Hicksville Roofing: Article About Recycled Asphalt Shingles
As a homeowner facing a roof replacement of asphalt shingles, you may be curious as to what happens to those shingles once they're thrown in the Dumpster and hauled away. Turns out, asphalt shingles are perfect candidates for recycling, particular important in an age when landfills are pushed to the max and tipping fees are on the rise.
When recycled, asphalt shingles are given a new life as pothole patches, road covers, asphalt pavement, aggregate bases and subbases, fuel oil and even new roofing. They can also be used for cold patching involving anything from driveways, ramps and sidewalks to bridges, parking lots and potholes. Concerned about the environment? Ask your Hicksville roofing contractors if they recycle their shingle waste. In general, it's a lot cheaper to send your old shingles to a recycle company that specializes in this type of thing than it is to send them to the landfill. As a homeowner or roofer, you're charged less by these companies because they're making lots of money on the other end reselling those materials for the highly-sought-after asphalt.
The amount of waste generated by asphalt shingles every single year in this country is staggering. A whopping 11 million tons of waste are created from asphalt roofing shingle scraps alone. Much of this waste involves tear-offs from re-roofing projects or debris from demolition sites. Because asphalt roofs only last about 20 years, many homeowners tend to have new shingles simply layered on top of the old ones to save money.
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What results the next time is a tear-off comprising 40-year layers of old shingles. Although a significant portion of shingle waste comes from the construction industry, it's also generated from old or unusable shingles that are involved in natural disasters like hurricanes and floods. Three tons of roofing materials are discarded during an average re-roof construction project, with each ton equal to one barrel of oil that can find a new life as asphalt for roads and parking lots. Asphalt companies simply heat up the recycled material and mix it into new road asphalt.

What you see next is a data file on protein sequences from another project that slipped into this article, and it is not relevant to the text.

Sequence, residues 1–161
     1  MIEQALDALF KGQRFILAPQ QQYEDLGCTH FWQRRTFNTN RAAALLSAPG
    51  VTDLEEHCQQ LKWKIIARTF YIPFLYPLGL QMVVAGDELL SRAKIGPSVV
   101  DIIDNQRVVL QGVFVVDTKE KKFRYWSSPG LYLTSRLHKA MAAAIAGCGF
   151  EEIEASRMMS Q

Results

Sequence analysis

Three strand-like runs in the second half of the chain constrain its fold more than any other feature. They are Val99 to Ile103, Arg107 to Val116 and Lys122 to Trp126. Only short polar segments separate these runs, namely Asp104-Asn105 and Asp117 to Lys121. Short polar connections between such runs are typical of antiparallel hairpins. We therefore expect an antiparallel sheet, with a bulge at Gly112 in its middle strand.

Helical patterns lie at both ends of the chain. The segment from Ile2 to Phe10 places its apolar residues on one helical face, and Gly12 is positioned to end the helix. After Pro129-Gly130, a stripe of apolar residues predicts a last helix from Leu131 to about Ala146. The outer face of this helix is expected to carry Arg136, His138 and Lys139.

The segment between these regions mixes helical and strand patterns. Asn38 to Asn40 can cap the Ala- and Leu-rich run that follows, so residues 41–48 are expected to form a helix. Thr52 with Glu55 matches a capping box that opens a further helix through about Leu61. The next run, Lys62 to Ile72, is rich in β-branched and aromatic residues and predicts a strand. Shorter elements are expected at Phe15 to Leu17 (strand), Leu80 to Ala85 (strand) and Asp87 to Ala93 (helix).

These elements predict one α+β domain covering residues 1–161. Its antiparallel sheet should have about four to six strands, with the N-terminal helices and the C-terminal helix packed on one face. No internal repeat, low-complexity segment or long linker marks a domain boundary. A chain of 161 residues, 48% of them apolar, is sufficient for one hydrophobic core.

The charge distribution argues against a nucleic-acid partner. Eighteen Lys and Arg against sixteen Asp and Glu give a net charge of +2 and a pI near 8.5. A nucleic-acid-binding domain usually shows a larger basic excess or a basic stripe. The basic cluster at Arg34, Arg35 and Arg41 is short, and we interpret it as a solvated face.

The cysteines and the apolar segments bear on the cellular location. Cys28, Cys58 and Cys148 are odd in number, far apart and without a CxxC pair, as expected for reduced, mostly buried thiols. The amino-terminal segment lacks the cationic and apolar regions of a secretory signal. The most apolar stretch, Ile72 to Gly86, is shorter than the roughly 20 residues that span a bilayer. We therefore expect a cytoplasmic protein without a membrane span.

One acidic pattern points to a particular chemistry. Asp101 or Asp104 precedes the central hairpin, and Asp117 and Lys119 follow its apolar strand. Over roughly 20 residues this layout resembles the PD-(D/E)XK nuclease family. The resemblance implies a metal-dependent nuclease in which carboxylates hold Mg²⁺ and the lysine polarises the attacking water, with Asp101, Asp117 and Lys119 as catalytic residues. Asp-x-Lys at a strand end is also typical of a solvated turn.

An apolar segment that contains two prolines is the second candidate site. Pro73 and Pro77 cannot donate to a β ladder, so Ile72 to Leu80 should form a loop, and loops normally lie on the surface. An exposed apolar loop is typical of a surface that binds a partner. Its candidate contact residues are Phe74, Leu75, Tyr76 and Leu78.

Special equipment is necessary to grind the old shingles into recyclable material, such as hammermills. When ground into a fine consistency, the material can be used as a protective layer underneath asphalt roadways, acting as aggregate to improve on performance as well as cut back on cost. Asphalt from old shingles has been found to improve roadway performance in regards to better compaction and stability of the finished product. The surface also becomes less susceptible to extreme temperature fluctuations, with an added benefit of becoming resistant to rutting. Many states throughout the country have approved the use of recycled asphalt for its road mixes.
As long as there are asphalt shingles, there will be the potential for recycling solutions that can benefit other aspects of our daily lives.